The BBC on how to write for radio. (Thanks useit.com.) The main BBC Training & Development site has a few original resources as well.

New humor news site FNWire. (Thanks TBTF.)

NikeID, design a shoe. (Thanks Unpopular.) Kinda like Lexus's website or something.

December 4, 1999

I got my e-nough T-shirt from The Society for the Preservation of the Other 25 Letters of the Alphabet (from persistence.com; thanks to whatever blog mentioned them many weeks ago) for reminding them that they forgot to mention the epitome of e abuse, emachines. "Had e-nough?" on the front, the picture of 'e's in the dumpster in black and white on the back. (Free T- shirt!)

News from the Red Dwarf Seattle front, from a visit from Chloe Annett: There will be a movie. There may be a season 9.

The Voluntary Human Extinction Movement says to live long and die out. (Thanks Lisa.) The alt.suicide.methods FAQ, on the other hand, says if you don't care to live long, not only do you not have to, but it is morally noble to end it early. Depressed.net hosts another methods FAQ.

And if you're taking any of the above seriously, please consider seeking real support before you lose that option. alt.support.depression and related newsgroups have excellent resources, and the FAQs aren't as "God loves you, don't do it" as the newsgroups themselves can be sometimes. (I actually consider alt.suicide.methods, the newsgroup, to be a useful form of support, especially for those that don't respond to bland pleading. Though the pleaders make up a good amount of the traffic in the group, there's some serious [if morbid] discussion in t here.)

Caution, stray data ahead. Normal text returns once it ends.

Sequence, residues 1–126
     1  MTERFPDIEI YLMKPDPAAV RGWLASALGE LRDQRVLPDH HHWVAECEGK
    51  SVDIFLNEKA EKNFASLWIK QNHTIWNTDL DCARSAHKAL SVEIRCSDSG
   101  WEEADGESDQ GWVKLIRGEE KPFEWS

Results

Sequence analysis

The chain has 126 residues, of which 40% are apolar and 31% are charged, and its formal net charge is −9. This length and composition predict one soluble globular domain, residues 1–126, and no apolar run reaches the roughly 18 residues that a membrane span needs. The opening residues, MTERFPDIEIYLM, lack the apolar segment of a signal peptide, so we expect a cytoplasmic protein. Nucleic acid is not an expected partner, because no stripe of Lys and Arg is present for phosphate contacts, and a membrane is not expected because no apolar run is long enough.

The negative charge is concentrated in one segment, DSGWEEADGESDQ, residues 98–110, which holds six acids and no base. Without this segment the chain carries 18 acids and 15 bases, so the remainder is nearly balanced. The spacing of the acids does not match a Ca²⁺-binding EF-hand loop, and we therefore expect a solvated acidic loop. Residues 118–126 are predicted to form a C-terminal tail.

Madeline Kahn dies at 57. (IMDb entry, Fan pages.)

Hey, need some cheering up? Read some Christmas jokes. Better is their list of links to [classic] Christmas stories. You can also join Santa C laus's RC5 cracking team. (Santa wants your CPU cycles!)

Still bummed out? Ask HappyShrink for advice! Or get a happy virtual massage. Or play games and junk at Disney's Zeether. Or get a Happy Fun Ball.

December 3, 1999

mousecontrol will be at 911 Media Arts Center on Dec 10th, 8pm. I wanna meet these people (hi again, Alice :)...

MegaCar! (Thanks Tiara. Sorry to hear you're on Capitol Hill. I'm glad I'm safely (?) in the U District...)

Looking for camcorder WTO protest footage? Daily updates. I like the photo on 911 Media Center's WTO page. Independent M edia Center also has a bunch of grassroots coverage.

December 1, 1999

Gosh darn it! My blog updating software wrote over my Dec 1 entries when I added that last item! And I had some fun links, too. Lemme check my History, here:

Did I forget anything?

It was only a matter of time, I suppose, but at these prices, I'm a little impressed. (Yeah, I know a desktop and a flat screen costs about as much, but we're all into unexpandable self-con tained units these days.)